Within twenty-four hours of the Troosts’ arrival on Vanuatu, their island nostalgia is shattered as a seemingly care-free drive along country roads turns into an ordeal when their jeep gets stuck in the mud. But while this would seem to be a set-up for a humorous “the grass isn’t always greener” story, “Savages” soon runs out of gas, sorely missing the fish out of water element that made “Cannibals” work. That’s not to say that life on Vanuatu (and later Fiji, where the Troosts move after the dust settles from the coup) is all fun and games – they endure a cyclone and lose their backyard to a mudslide – but Troost fails to give these incidents much bite. Yes, we are rooting for him, but only because he’s the Good Guy in some abstract sense, not because he’s particularly interesting or charismatic. While the Troost of “Cannibals” had to fight a daily battle for survival, the Troost of “Savages” has time to explore and delve into the history of the area, but fails to make it very interesting. Maybe I’m just one of the typical, non-intellectually-curious Americans that made Troost glad to leave the U.S. but this book didn’t make me want to frantically google information about the history of relations between India and Fiji or the impact that French colonists from New Caledonia have had on Vanuatu.

That’s not to say that “Savages” doesn’t have its flashes of brilliance. Troost’s send-up of the writing style of Captain James Cook rivals the funniest bits from “Cannibals” and when he plays the “silly Americans” card he at least does it with some humor: “Apparently, while we had been living abroad, someone had sent a missive to all Western women under the age of twenty-five: Put a large tattoo above your butt.” Other times he shrewdly backs out, allowing unintentional American humor to speak for itself: “So that works out to about $415 a square foot. We’re roughly at $375 where we live. I bought a house last month that I plan on flipping when it gets to $400.” Ironically, the book also delves a lot more into cannibalism than “Sex Lives of Cannibals”: Troost devotes a chapter to a trek to one of Vanuatu’s remote “kastom” (“custom” – where traditions remain unchanged over millennia) islands where the locals still “eat the man.”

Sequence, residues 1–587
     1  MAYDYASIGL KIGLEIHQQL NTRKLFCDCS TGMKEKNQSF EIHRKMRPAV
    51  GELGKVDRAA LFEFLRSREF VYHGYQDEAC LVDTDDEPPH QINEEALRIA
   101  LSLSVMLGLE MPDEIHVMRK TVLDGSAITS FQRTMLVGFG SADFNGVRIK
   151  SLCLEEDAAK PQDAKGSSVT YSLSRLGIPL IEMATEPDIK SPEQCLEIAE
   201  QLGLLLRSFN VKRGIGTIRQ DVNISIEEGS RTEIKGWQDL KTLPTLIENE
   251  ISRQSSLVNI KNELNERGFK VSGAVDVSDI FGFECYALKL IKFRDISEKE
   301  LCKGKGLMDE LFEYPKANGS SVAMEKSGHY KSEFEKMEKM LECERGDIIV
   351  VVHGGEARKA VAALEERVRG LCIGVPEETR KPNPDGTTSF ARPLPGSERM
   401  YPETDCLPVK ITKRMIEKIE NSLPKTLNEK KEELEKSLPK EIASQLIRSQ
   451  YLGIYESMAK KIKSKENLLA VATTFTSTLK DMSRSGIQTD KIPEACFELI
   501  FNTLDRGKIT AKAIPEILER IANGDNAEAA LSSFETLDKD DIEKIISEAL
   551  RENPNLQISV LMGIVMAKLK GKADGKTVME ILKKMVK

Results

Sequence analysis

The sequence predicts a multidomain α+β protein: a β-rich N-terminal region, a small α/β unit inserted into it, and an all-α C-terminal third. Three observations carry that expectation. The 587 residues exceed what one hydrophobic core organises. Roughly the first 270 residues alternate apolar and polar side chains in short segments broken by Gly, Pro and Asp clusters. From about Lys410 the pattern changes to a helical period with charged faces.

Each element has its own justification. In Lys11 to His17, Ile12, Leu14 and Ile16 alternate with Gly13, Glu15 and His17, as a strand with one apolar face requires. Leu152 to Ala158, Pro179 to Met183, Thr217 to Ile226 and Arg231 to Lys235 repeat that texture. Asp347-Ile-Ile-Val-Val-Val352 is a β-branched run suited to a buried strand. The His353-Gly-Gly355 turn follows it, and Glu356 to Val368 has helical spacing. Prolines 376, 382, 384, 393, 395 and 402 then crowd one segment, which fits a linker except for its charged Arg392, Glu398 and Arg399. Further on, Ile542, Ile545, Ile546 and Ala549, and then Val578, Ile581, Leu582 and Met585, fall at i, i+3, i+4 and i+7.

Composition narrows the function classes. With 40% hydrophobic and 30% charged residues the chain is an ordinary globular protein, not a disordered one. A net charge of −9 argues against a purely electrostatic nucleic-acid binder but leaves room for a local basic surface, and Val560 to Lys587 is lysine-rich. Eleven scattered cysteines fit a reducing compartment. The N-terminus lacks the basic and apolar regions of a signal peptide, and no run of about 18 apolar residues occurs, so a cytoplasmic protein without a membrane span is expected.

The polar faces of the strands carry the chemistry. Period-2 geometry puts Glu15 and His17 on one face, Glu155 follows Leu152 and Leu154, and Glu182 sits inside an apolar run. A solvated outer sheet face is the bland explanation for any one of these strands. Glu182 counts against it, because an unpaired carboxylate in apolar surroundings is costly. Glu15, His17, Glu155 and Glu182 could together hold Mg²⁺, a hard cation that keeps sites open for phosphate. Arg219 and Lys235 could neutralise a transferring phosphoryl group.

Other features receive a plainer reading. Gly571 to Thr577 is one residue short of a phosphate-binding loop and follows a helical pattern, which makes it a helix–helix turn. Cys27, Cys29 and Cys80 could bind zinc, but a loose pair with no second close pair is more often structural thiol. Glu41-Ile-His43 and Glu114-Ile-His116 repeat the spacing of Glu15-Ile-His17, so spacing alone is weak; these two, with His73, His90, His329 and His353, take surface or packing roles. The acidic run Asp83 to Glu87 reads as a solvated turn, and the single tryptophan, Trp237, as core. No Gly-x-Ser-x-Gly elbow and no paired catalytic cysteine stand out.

Sadly, its bright spots notwithstanding, I took about twice as long to get through “Savages” as I did the 40-pages longer “Cannibals.” My copy’s fate will likely see it re-donated to a thrift store where someone else can decide if they want to make a one dollar investment.

 

 

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November 30, 2016

#121) Book review: “The Sex Lives of Cannibals”